Jean’s career was on a roll and at the age of 30, found herself coming into her own. She admits having the most fun while owning a clothing store in St. Louis, MO.  As fate would have it, Jean happened to move next door to a wonderful woman who became her best friend.  This female entrepreneur was 20 years Jean’s senior, but a whole heck-of-a-lot more fun than some of Jean’s other friends.  They had a ball.  Jean helped her open two more stores, and ultimately purchased the flagship shop after her friend decided to move to Florida to live the easier life.  It was here Jean discovered she had a knack for motivating women.  She took customers that bought polyester blouses and convinced them that they were worthy of silk.  This era in the apparel business was incredibly exciting because designers were just entering the ready-to-wear market.  Diane Von Furstenburg, Pierre Cardin, Bill Blass and a new young designer named Liz Claiborne were reaching out to the average American woman.  This experience more than anything else helped Jean learn about women and their attitudes about their bodies, their lifestyles and the way women saw themselves.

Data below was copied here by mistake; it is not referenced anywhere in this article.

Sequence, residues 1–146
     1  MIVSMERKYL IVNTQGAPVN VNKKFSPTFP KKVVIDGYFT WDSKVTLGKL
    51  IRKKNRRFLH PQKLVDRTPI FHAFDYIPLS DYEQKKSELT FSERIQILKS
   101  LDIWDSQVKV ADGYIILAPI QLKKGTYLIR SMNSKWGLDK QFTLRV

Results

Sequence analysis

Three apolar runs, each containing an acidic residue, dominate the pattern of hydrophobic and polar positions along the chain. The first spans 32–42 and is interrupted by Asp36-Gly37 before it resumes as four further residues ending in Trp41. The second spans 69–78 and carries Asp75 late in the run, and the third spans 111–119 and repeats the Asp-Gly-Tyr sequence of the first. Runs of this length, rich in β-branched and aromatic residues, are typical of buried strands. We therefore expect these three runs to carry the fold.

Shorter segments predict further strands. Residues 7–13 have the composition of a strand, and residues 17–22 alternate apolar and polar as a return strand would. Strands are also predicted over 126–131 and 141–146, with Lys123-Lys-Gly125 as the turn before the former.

At 40, Jean’s husband was transferred from St. Louis to Minneapolis, Minnesota.  It meant Jean, too, had to move, starting all over again.  That frightening transition brought new challenges – and success.   Always moving forward, Jean accepted a position as an independent rep in the contract textile business.  Working in an industry dominated by men, Jean called on her extensive knowledge and experience of working with women and helped build the tiny company into one of the top three contract fabric companies in the world!  For nearly 20 years, Jean worked with major interior designers, operated a showroom in the Design Center and traveled extensively.  Jean co-founded Aging But DANGEROUS in 2008 and since then has been devoted to building the company profiled on this website.